It happens every year. The team scouts spend every waking minute evaluating talent, attending games, watching film and checking their lists twice, sort of like a football Santa Claus. Then, the Combines roll around, coaches, scouting directors and general managers are out in full force with stopwatches in hand. The three day "underwear workout" commences and those out of the scouting loop (coaches and GMs) become enamored with agility figures and march off en mass to pro days. There, they continue their little "love fest" with a player's athletic ability, but along the way, seem to forget that victories are generated by production, by consistent performance and NOT how good a kid looks running 40 yards on the track.
What all of this leads up to is a totally different draft board than the ones the scouts have prepared. The general manager is the decision maker and all others are there to offer input. Coaches have their "guy" they want the GM to take, despite claims from their scouting department that have spent the better part of the year finding the "warts" not shown on the player's professional resume. With that in mind, here is a look at that one player at each position who will either make a general manager look like a genius, or have that guy on the unemployment line a year later.
DA'QUAN BOWERS, University of Clemson Tigers, #93, 6:04.2-277
While many might be surprised to find Bowers as a member of this squad, there are very strong concerns from NFL teams about the condition of the defensive end's right knee after he underwent surgery to repair his meniscus. Some reports claim that Bowers will eventually need microfracture surgery and several teams doubt that he will finish out his rookie contract, citing fears of arthritis settling into the knee area. While the injury has certainly seen his draft stock drop, Bowers has also brought up concerns that he might be a "one-year wonder."
After registering just four sacks combined over his first two seasons, some began to question whether the defensive end would ever reach his potential. Bowers silenced those critics in 2010, terrorizing opposing backfields on his way to winning the Bronko Nagurski and Ted Hendricks Awards.
Bowers rededicated himself to football after losing two people close to him in less than a year. His mentor, former Clemson great Gaines Adams, passed away in January of 2010 after going into cardiac arrest. Bowers' father, Dennis, died after suffering a seizure in the summer before the season.
Bowers entered his junior year with a newfound devotion to the game. He cleaned up his eating habits and managed to shed 20 pounds in the offseason, regaining the quickness and athleticism that made him a nightmare for opposing tackles. The results were spectacular, as the defensive end led the NCAA in sacks (1.19 spg) and placed second in tackles for loss (2.00 tpg).
There are times that Bowers struggles to shed (see 2010 battle vs. Boston College's Anthony Castonzo and Rich Lapham and vs. South Carolina's Hutch Eckerson), but will try to work across the block to the ball. When he is freed up, he shows good pursuit and effort to make plays. He relies more on leverage to play off blocks, but in 2010, he showed marked improvement in using his hands to guard his legs vs. the chop block.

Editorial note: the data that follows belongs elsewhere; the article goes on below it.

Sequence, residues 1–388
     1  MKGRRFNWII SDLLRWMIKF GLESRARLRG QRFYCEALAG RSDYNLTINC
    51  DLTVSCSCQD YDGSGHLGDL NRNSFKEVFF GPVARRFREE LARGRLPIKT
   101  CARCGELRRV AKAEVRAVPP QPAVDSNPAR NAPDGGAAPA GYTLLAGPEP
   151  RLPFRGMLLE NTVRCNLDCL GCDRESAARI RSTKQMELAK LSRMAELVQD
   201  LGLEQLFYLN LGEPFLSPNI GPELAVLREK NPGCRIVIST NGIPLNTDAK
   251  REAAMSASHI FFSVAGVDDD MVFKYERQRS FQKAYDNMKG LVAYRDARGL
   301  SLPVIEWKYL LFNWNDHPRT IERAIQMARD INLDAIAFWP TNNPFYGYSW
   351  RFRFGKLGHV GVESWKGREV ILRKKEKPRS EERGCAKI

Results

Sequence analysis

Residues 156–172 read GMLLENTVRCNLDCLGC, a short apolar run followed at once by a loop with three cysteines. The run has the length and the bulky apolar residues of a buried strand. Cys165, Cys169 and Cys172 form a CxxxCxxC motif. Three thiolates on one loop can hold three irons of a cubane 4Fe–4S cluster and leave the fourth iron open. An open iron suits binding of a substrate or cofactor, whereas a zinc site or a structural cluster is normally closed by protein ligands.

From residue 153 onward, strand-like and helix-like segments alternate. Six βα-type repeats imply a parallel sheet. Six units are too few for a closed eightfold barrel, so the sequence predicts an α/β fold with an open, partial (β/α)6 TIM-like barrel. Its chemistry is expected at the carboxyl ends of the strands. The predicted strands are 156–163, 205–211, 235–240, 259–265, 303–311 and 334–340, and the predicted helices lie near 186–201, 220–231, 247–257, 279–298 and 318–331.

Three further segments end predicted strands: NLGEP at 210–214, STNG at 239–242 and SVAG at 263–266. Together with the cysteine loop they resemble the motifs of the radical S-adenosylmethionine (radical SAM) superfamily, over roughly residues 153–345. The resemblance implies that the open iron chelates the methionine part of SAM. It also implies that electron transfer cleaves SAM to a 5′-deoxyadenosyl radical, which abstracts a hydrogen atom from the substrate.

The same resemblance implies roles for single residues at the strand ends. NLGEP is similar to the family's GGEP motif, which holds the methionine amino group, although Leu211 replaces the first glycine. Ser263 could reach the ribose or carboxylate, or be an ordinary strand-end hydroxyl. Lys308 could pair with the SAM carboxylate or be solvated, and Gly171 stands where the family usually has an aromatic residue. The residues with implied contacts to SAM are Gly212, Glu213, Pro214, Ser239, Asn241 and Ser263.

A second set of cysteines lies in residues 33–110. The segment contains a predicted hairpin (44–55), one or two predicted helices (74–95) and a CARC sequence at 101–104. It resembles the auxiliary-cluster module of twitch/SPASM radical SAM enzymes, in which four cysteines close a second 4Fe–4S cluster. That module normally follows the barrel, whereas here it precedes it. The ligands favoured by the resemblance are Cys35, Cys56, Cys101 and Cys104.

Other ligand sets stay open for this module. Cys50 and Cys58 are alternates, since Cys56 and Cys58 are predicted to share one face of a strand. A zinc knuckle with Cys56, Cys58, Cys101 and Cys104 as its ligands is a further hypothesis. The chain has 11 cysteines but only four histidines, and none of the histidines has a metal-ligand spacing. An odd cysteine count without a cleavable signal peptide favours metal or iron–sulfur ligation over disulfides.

Bowers is a good tackler at the line, but will struggle more in space. He plays with a lot of effort and can pursue. He has improved his wrap-up tackling technique and makes every effort to arm tackle. When he gets free in the backfield, he does not miss much in getting to and taking down the ball carrier.
Overall, Bowers is a good athlete, who looks to be developing physically, but there are still lingering questions about the long-term condition of his right knee. His production is just decent against the run, but much better against the pass. He still needs to locate the ball better when working down the line, but when he gets into the backfield, he can zero in on his target. He has improved his ability to sniff out the play, but struggles vs. the larger blockers in running situations due to inconsistency in recognizing blocking schemes.
Compares To: ERASMUS JAMES-ex Minnesota. It seems like Bowers is in the "same boat" as James was coming out of college – fending off serious concerns about the health of his knee. He had a banner junior campaign, but some question if that was just a "one year wonder." He looked lethargic during pro day agility tests and while he might have been shaking off rust from his surgery, his 40-yard dash time (4.95) would have ranked 21st among the 24 defensive ends that attended the NFL Scouting Combine. His overall workout was called "sluggish" by some scouts and "average" by others, thus eliminating him from consideration to being the draft's top pick. He could do a freefall and drop out of the top ten selections, if whispers coming from NFL teams hold true.
Nick Fairley, University of Auburn Tigers, #90, 6:04.1-298
No player in this draft carries the "boom or bust" tag more than Fairley. While he had a banner junior campaign, there are serious concerns about his dedication and work ethic. There have been reports of tardiness to meetings, lack of work ethic, especially in the training room, penchant for getting flagged for flagrant fouls and a concern, like Bowers, that he might be a one-year wonder.
When some "experts" compare him to Warren Sapp, it borders on the ridiculous – Sapp performed on every snap and every game throughout his Miami Hurricanes career and carried that over to a stellar NFL career. The only similarities between the two was a "liking" for dirty play, as Fairley was constantly being called for late hits and there were instances when he has speared ball carriers with his helmet, banged into their lower legs purposely and pushed off downed players to lift himself up in 2010. That attitude in training camp could lead to retaliation by some agitated veteran.